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  1. #71
    CASS
    Guest

    Re: wrong business?

    The templates thing never works. People always want custom-designed. I'd offer both options, if I were you.

    I did this for charities one time (MJ Rose actually wrote a story about me on Wired).



  2. #72
    Scott Saylors
    Guest

    Re: wrong business?

    It seems to me that something "burning in their soul" is a poor basis for a career.

    Those who want to write as a career have to have a certain amount of fire in their belly for the process.

    But angst doesn't sell books any better than vanity publishers do.

    Angst often gets in the way of a writer, rather than help him.

    The angst-ridden author usually doesn't write much once they get the angst wrung out of their soul. They tend to be one shot wonders. Sometimes that one-shot is a literary milestone, but only in the same proportion that vanity publishing translates into worthwhile sales.

    Regards,
    Scott

  3. #73
    Scott Saylors
    Guest

    Re: wrong business?

    Getting books to market properly takes time. Not only does the book have to be edited, provided with cover art, and printed. It also has to be printed as Advance Review Copies (ARC's) before it goes to the major print run to be sent to reviewers, book stores, etc. to obtain book blurbs and reviews to include in the first print edition for sale. Six months after the book is typeset and issued as ARC's is pretty mandatory.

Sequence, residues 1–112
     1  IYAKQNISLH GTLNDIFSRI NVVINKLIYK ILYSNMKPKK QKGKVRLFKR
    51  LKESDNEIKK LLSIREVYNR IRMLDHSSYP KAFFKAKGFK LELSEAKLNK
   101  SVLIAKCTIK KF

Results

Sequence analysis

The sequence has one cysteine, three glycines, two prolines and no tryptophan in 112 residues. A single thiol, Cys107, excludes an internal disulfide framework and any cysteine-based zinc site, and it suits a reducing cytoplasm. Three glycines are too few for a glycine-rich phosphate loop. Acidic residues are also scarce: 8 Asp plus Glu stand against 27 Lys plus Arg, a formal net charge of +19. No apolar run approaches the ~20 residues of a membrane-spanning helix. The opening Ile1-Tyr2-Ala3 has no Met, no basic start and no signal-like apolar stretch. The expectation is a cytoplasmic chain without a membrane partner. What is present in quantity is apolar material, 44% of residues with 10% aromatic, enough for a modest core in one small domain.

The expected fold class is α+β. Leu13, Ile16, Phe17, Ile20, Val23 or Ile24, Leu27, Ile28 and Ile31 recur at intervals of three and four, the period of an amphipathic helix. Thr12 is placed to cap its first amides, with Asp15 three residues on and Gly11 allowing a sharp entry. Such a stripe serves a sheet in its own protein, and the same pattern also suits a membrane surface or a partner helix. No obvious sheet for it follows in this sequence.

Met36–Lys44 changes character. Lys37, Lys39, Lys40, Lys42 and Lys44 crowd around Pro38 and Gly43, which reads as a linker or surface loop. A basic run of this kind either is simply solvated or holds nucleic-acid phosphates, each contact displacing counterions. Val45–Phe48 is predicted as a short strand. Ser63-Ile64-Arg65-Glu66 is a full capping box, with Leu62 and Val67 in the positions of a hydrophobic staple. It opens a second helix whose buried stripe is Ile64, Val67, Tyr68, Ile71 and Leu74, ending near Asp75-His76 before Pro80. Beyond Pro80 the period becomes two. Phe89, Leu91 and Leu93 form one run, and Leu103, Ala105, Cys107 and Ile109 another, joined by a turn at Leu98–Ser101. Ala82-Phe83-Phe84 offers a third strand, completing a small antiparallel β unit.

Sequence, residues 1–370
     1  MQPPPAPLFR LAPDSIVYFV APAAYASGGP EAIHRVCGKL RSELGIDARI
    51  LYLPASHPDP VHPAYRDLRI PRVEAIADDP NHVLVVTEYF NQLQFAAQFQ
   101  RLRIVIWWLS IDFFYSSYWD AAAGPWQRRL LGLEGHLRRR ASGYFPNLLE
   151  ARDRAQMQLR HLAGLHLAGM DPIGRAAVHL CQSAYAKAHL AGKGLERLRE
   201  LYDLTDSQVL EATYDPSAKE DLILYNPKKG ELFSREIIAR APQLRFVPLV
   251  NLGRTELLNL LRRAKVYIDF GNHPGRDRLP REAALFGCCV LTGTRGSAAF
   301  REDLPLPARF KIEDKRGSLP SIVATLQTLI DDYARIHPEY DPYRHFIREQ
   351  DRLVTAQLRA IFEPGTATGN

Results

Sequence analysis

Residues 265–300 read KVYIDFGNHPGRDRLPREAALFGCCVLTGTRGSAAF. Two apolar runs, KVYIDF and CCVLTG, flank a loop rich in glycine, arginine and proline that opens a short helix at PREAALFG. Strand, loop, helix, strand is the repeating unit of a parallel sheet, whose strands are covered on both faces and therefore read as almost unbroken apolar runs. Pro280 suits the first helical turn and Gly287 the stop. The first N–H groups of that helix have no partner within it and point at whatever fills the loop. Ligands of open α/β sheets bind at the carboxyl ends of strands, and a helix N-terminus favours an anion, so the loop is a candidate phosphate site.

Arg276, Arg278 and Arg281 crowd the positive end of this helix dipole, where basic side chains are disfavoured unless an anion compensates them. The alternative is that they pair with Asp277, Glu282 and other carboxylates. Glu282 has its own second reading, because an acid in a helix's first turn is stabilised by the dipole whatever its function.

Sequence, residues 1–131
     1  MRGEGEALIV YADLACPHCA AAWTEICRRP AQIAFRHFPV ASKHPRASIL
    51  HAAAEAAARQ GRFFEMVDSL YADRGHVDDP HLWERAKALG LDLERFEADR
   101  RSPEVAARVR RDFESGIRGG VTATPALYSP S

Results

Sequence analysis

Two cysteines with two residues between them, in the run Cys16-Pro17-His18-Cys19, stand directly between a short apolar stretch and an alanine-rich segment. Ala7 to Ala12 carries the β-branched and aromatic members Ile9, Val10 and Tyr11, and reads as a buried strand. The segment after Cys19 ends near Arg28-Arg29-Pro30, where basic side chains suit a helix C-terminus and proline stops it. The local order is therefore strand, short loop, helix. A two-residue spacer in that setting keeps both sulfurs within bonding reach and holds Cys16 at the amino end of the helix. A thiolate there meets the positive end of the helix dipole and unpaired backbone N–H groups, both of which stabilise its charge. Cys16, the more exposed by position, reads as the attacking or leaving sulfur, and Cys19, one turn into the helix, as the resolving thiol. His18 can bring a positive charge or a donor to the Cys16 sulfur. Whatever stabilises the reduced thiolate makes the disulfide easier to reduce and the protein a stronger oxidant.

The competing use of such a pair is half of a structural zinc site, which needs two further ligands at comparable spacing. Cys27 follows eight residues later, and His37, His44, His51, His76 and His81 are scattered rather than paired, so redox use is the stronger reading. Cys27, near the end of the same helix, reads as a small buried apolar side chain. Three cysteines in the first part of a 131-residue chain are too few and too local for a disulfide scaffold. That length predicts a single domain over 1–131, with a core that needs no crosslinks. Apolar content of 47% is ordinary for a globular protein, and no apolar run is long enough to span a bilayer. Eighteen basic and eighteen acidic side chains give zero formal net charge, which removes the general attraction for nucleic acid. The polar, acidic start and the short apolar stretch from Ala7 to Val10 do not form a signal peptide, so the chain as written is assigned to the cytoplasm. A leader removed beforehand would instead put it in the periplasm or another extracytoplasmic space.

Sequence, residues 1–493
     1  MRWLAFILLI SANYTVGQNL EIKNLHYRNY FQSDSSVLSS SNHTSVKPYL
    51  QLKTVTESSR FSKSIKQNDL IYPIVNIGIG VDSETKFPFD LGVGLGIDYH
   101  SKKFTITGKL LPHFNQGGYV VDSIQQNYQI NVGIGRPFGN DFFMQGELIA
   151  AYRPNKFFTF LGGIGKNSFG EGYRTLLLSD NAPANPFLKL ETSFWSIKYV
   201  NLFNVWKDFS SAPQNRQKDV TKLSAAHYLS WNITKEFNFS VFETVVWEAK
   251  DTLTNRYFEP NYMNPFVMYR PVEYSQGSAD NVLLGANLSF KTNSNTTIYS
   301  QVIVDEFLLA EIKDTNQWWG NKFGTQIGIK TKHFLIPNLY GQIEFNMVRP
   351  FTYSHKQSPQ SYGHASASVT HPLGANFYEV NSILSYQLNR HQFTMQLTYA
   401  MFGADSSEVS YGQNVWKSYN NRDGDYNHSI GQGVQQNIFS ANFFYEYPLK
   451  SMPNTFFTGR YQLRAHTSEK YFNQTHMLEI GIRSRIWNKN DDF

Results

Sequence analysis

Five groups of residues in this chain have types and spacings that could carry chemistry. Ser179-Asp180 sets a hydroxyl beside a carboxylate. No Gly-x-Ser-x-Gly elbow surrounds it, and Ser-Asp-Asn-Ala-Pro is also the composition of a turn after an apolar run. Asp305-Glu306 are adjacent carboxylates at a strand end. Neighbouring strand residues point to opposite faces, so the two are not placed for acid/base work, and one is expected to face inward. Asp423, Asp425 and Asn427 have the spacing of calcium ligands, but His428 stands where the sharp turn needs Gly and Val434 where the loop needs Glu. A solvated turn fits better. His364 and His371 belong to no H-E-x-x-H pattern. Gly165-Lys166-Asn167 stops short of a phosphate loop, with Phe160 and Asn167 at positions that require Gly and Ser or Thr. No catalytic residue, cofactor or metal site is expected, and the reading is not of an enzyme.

As to staff salaries, that's not part of the per book budget. It's part of the regular cost of doing business, but doesn't affect the marketing budget of a particular book.

    Marketing budgets are not a cross-the-board amount, they are computed book by book based on what the publisher thinks they'll get in return. Big selling authors get the lion's share, of course.

    The rest often goes out in terms of special marketing reductions to the bookseller's per item cost.

    An $8 paperback is normally sold to the bookstores at 40% discount, then the publisher offers a small further reduction in return for the bookstore spending a little more to market a particular book--like putting it on a table or rack at the front of the store in the window, putting posters and copies near the register, even shelving it cover out for a period of time, etc.

    Regards,
    Scott

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